Please ILLUMINATE me on these questions

So, now that Pfizer has discontinued development of its star candidate, I have a couple of questions about this trial, mostly concerning the size of the trial.

Why 7500 patients per arm?

For example, this trial is sufficient to detect, with 95% confidence, an adverse event that has an occurrence rate of 1 in 2500 = 0.0004. Regulators want to see at least 1 in 500 from the whole development program for new families of drugs. Conservatism is fine and good, though this kind of data has been collected through post-marketing adverse event reporting and can be used, if needed, to discontinue marketing of a drug (e.g. Baycol).

On efficacy: this is sufficient to detect an effect size of 0.046 standard units with 90% power (the high end used in clinical trials). The standard deviation seems to be around 13 for males and 15 for females. So they’ve powered a trial to detect a difference of around 0.046*14*sqrt(2) = 0.7 g/dL of HDL cholesterol. Why do they need to detect a difference this small? Even without the mortality and cardiovascular adverse drug reactions, does the cost of taking this drug once a day merit a 0.7 g/dL increase in HDL cholesterol?

Now, Pfizer being the pharma giant that it is, I imagine it takes advantage of every discussion possible with the FDA to design its trials, and certainly the FDA had seen the design of this trial before it was executed. I’m very curious as to what was discussed when it came to sample size for this trial.

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3 Responses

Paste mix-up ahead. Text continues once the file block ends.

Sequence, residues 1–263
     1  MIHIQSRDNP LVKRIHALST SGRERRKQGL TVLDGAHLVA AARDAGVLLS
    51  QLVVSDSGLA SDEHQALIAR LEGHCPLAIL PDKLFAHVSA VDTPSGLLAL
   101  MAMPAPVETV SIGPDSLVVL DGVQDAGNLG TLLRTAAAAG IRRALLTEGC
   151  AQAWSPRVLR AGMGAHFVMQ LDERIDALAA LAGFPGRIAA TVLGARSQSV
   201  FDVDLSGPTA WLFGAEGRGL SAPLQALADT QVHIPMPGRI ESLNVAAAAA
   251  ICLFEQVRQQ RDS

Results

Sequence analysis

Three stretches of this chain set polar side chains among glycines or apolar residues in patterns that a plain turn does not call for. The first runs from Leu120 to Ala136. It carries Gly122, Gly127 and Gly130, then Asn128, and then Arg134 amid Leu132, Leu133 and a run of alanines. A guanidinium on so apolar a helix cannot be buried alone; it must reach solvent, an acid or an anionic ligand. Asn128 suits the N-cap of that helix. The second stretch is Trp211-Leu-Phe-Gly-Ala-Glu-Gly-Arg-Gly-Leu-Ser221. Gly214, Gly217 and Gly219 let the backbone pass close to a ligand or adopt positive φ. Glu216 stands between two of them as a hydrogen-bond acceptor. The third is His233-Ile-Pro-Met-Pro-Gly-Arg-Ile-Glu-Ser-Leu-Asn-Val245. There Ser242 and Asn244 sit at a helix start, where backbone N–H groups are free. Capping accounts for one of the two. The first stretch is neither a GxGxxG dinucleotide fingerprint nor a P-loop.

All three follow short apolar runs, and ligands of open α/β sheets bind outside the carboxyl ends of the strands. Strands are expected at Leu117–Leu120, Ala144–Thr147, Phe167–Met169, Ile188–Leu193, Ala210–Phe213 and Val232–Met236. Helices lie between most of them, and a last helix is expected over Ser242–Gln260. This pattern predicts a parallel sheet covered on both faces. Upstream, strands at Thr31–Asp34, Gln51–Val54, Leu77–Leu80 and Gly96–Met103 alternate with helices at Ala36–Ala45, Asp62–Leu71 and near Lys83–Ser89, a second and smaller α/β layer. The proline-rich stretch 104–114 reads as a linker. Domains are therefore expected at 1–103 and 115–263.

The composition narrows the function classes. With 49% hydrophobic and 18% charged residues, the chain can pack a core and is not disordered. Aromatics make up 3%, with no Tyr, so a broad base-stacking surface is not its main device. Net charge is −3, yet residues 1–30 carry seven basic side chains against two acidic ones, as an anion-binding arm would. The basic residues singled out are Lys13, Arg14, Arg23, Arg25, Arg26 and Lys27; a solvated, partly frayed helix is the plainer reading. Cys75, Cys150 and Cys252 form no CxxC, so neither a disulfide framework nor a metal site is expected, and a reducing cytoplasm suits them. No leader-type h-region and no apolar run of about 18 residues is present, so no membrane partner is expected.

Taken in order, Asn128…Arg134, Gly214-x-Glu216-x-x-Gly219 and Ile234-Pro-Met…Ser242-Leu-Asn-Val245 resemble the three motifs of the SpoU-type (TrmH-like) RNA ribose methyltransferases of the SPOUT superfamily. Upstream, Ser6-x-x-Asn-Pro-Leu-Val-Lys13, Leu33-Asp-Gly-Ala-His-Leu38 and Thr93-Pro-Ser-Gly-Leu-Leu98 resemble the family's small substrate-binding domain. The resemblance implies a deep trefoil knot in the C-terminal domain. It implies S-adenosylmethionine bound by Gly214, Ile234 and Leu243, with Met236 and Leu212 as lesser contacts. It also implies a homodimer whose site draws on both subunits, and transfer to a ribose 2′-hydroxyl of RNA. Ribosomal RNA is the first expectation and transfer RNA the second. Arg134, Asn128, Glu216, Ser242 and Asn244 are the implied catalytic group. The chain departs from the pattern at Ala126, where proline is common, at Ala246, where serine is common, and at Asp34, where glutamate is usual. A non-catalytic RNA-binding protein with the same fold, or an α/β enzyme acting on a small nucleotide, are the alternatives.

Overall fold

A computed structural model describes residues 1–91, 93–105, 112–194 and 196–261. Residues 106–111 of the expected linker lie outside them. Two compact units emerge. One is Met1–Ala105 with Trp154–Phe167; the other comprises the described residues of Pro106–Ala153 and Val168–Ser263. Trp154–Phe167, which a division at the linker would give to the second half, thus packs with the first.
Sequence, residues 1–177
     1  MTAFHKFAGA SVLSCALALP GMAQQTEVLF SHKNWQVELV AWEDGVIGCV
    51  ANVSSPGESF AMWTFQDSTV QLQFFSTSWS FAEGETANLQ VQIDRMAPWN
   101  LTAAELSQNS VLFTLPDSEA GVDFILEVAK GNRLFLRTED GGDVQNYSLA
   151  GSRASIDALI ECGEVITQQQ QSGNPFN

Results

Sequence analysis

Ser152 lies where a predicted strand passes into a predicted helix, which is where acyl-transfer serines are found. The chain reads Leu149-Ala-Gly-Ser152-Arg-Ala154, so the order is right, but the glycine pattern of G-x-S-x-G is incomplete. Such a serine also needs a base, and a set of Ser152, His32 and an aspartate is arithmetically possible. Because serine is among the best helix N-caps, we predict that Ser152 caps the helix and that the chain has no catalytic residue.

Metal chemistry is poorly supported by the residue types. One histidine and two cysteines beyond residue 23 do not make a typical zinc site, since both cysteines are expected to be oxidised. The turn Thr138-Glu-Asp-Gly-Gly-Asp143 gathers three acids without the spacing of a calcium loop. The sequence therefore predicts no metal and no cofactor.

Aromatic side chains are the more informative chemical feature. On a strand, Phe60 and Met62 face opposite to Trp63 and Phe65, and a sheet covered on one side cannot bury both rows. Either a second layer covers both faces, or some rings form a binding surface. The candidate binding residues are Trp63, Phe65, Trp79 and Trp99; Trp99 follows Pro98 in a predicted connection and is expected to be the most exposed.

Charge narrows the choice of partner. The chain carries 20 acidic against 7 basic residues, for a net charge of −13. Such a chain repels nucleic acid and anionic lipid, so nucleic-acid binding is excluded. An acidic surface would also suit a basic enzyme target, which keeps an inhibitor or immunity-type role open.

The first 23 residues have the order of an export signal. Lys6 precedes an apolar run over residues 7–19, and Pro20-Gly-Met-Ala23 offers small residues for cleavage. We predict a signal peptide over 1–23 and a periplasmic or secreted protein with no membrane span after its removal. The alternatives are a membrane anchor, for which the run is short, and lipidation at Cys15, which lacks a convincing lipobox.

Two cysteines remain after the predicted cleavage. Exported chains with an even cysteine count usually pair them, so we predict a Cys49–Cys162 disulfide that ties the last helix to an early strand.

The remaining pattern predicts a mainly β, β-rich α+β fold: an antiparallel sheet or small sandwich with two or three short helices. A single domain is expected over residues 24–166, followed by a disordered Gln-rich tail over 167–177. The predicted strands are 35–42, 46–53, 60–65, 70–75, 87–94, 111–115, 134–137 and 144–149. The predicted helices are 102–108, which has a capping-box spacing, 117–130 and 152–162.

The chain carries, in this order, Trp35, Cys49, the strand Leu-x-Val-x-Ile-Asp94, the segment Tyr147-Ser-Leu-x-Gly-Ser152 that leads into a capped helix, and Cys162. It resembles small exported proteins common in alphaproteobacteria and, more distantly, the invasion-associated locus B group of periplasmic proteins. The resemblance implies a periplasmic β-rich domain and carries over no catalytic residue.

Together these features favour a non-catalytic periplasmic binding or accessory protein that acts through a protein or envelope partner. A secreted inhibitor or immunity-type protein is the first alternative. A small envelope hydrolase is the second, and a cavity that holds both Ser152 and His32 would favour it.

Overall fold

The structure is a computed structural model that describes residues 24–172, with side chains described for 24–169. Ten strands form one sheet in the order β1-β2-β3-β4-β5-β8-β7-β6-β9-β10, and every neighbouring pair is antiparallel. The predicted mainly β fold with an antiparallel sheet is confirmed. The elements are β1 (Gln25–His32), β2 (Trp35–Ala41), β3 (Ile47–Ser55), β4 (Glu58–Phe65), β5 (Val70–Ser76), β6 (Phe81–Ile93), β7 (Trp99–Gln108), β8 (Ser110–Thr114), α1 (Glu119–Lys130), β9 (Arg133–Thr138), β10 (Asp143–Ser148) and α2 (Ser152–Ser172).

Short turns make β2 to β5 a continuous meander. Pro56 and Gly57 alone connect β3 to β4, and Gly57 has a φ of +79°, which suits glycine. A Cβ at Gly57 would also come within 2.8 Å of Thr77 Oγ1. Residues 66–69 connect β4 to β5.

1. Arteries Unplugged II: Great Expectations…

    The last paragraph of an AP story about Pfizer’s withdrawal of torcetrapib awakened my inner statistician: According to Pfizer spokesman Paul Fitzhenry, 82 patients taking the combination of torcetrapib died, compared to 51 deaths in the arm of the s…

  2. You might find the 2004 NEJM article to be of utility in answering some of your questions. A second point concerns your statement on the minimal detectable difference for significance. Pfizer is not so stupid as to try and foist this paltry difference as being of clinical utility and even if they did, any physician buying in to such a story would and should be drawn and quartered.
    Althought here may be dupes in the medical community, the profession in general is well read and that would include Mark Twain’s take on the statistical crew, e.g., “Lies, damned lies and statistics”.

  3. And therein lies my confusion. Given that Pfizer is the largest pharma R&D company in the world, they have biostatisticians telling them exactly what they can detect with what power, and MDs telling them if anyone will care.

    I’ll have to check out the NEJM article in my spare time.

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